Myclobutanil

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Myclobutanil
Kekulé, skeletal formula of myclobutanil
Names
IUPAC name
2-(4-Chlorophenyl)-2-(1,2,4-triazol-1-ylmethyl)hexanenitrile
Identifiers
3D model (JSmol)
7138849
ChEBI
ChemSpider
ECHA InfoCard 100.101.000
EC Number 410-400-0
KEGG
MeSH Systhane
RTECS number XZ5257000
UN number 3077
Properties
C15H17ClN4
Molar mass 288.78 g·mol−1
Appearance Pale, yellow, translucent crystals
Melting point 63 to 68 °C (145 to 154 °F; 336 to 341 K)
Boiling point 202 to 208 °C (396 to 406 °F; 475 to 481 K) at 130 Pa
142 mg⋅dm−3
Hazards
GHS pictograms The exclamation-mark pictogram in the Globally Harmonized System of Classification and Labelling of Chemicals (GHS) The health hazard pictogram in the Globally Harmonized System of Classification and Labelling of Chemicals (GHS) The environment pictogram in the Globally Harmonized System of Classification and Labelling of Chemicals (GHS)
GHS signal word Warning
H302, H319, H361, H411
P273, P281, P305+351+338
NFPA 704
Flammability code 1: Must be pre-heated before ignition can occur. Flash point over 93 °C (200 °F). E.g., canola oilHealth code 2: Intense or continued but not chronic exposure could cause temporary incapacitation or possible residual injury. E.g., chloroformReactivity code 0: Normally stable, even under fire exposure conditions, and is not reactive with water. E.g., liquid nitrogenSpecial hazards (white): no codeNFPA 704 four-colored diamond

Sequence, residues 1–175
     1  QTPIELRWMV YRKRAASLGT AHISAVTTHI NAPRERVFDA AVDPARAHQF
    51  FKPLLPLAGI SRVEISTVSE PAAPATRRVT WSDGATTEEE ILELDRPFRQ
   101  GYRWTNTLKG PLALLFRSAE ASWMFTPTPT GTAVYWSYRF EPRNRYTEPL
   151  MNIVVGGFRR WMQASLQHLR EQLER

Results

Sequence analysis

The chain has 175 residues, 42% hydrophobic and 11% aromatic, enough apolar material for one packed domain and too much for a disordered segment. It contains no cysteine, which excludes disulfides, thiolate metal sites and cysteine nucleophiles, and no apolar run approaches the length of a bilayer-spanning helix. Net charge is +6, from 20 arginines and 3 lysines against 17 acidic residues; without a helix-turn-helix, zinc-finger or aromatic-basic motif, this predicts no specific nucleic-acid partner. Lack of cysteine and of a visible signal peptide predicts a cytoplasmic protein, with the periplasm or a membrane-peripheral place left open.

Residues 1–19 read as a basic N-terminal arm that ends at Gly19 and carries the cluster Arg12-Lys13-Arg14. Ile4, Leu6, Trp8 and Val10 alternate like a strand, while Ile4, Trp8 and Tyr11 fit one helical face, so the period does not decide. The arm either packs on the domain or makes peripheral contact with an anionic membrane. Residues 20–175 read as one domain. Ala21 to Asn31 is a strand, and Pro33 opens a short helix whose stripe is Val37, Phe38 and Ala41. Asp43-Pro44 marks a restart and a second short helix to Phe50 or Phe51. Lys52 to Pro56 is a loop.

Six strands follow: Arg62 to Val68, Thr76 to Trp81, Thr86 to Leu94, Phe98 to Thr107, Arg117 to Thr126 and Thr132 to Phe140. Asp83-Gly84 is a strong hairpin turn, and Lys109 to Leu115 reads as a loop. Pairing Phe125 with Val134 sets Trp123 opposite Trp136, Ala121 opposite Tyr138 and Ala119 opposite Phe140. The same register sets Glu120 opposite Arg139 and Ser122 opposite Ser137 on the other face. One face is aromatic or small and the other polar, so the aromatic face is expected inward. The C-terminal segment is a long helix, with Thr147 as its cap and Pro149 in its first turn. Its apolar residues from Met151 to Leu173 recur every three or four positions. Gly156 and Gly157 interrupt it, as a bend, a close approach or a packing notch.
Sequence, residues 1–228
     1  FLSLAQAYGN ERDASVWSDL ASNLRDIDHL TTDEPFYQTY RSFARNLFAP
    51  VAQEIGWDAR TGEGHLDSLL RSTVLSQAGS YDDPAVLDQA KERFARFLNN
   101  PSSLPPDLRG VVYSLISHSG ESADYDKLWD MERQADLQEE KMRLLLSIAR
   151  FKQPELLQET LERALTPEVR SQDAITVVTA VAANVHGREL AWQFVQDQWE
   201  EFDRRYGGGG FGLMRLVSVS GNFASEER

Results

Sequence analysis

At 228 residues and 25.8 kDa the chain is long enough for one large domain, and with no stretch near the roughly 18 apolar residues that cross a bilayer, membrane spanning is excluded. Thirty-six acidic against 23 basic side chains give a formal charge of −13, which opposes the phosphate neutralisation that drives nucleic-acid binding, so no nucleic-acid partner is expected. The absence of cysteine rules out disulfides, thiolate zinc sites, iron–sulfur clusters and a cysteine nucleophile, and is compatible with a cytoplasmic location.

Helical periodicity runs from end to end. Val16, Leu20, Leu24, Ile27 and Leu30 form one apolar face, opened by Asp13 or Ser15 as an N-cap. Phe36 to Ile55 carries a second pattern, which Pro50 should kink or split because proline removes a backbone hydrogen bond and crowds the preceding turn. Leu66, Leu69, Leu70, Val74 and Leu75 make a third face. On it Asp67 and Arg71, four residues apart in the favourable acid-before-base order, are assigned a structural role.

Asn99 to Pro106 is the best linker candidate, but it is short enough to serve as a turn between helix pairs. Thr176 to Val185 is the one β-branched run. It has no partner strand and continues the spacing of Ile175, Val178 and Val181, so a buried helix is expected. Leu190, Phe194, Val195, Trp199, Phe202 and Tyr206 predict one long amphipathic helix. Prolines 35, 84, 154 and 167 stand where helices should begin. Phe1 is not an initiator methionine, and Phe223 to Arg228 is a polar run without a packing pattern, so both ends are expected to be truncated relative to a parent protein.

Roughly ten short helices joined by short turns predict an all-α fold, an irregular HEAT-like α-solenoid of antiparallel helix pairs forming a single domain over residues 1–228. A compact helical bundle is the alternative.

1
2
0
Flash point > 100 °C (212 °F; 373 K)
Except where otherwise noted, data are given for materials in their standard state (at 25 °C [77 °F], 100 kPa).
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Infobox references

Myclobutanil is a triazole chemical used as a fungicide.[1] It is a steroid demethylation inhibitor, specifically inhibiting ergosterol biosynthesis.[2] Ergosterol is a critical component of fungal cell membranes. When heated, myclobutanil decomposes to produce corrosive and/or toxic fumes, including carbon monoxide, carbon dioxide, hydrogen chloride, hydrogen cyanide, and nitrogen oxides.[3][4] Myclobutanil is banned in Canada, Colorado, Washington, and Oregon for the production of medical and recreational marijuana; however, despite the Canadian ban, myclobutanil has been discovered in medical marijuana produced by at least one government licensed grower.[5]

Stereoisomerism[edit]

Myclobutanil (2 stereoisomers)
(S)-Pefurazoat
(S)-configuration
(R)-Pefurazoat
(R)-configuration

References[edit]

  1. ^ Myclobutanil, PAN Pesticides Database
  2. ^ "Myclobutanil Product Sheet". Kingtai Chemicals Co.
  3. ^ GOV, NOAA Office of Response and Restoration, US. "MYCLOBUTANIL - CAMEO Chemicals - NOAA". cameochemicals.noaa.gov.
  4. ^ "Product Safety Assessment: Myclobutanil".
  5. ^ "Canadians not told about banned pesticide found in medical pot supply" – via The Globe and Mail.

External links[edit]